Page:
cooking ulu (breadfruit)

Craig DeSilva
February 11, 2021

Vegetable or fruit? Breadfruit is so versatile that it can be used as both a savory dish or dessert.

Breadfruit is not native to the Islands, but it’s so common here that it has its own Hawaiian name – ulu. Use ulu in place of potatoes. It’s good mashed, fried, steamed, or boiled for soups and stews.

When to pick? Pick ulu when it’s firm and skin is greenish-yellow and dotted with brown spots (see ulu on top in photo below). At this stage, ulu has the best taste and texture for savory dishes.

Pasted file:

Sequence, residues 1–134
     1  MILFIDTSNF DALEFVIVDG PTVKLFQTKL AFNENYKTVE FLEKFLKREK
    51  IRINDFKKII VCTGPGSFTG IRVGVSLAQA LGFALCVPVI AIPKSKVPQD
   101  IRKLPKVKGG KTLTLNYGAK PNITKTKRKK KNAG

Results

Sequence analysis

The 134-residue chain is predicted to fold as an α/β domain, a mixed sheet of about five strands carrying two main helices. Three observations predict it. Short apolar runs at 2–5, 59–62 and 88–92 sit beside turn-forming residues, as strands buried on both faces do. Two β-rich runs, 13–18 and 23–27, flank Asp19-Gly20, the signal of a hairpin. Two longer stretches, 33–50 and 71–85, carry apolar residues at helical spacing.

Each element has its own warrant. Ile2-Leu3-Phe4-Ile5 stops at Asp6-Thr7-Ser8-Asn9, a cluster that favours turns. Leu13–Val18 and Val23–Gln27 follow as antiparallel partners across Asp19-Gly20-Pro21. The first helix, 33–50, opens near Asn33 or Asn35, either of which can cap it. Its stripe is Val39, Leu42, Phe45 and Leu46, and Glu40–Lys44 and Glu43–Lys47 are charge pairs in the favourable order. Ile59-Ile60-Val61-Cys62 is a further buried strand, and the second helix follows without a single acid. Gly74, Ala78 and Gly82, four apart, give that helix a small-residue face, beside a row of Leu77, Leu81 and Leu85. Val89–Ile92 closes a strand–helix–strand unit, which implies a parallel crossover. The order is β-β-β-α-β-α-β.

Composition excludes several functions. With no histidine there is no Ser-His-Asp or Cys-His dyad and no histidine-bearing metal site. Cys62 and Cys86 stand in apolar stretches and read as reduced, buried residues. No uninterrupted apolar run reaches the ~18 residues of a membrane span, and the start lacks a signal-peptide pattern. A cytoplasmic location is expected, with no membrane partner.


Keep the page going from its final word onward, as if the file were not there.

How sweet it is. Ulu can ripen within three days at room temperature. Use ripe ulu for desserts, such as ice cream or custard.

So sappy. Sticky white sap can leak from ulu when picked. Place the ulu stem side down to drain the sap. To remove sap from the skin, wash ulu under cold water and dry it with a towel.


Here’s a simple recipe you can make with ulu as a side dish in place of rice or potato.


  • 1 medium ulu
  • 1 Tbsp. olive oil
  • Salt and pepper to taste

Peel ulu with a knife or potato peeler. Cut in half and remove core. Chop into 1-inch cubes.

Place in a pot and fill with water to barely cover. Bring water to a boil and simmer until ulu is tender and can be pierced with a fork.

Drain water in a colander.

Heat oil in a pan and sauté ulu until slightly crisp and lightly brown, about 10 minutes. Season with salt and pepper.

Share this article

By commenting, you agree to Island Scene's Terms of Use.